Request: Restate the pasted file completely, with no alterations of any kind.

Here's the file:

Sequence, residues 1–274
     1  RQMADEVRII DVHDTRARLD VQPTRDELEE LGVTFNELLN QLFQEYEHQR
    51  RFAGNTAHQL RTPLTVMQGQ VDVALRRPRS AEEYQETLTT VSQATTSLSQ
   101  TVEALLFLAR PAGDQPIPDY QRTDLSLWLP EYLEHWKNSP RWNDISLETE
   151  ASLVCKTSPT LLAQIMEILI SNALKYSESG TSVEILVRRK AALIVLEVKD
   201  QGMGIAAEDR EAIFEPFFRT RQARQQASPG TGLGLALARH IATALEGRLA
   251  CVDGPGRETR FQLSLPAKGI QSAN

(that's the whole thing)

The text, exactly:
Sequence, residues 1–274
     1  RQMADEVRII DVHDTRARLD VQPTRDELEE LGVTFNELLN QLFQEYEHQR
    51  RFAGNTAHQL RTPLTVMQGQ VDVALRRPRS AEEYQETLTT VSQATTSLSQ
   101  TVEALLFLAR PAGDQPIPDY QRTDLSLWLP EYLEHWKNSP RWNDISLETE
   151  ASLVCKTSPT LLAQIMEILI SNALKYSESG TSVEILVRRK AALIVLEVKD
   201  QGMGIAAEDR EAIFEPFFRT RQARQQASPG TGLGLALARH IATALEGRLA
   251  CVDGPGRETR FQLSLPAKGI QSAN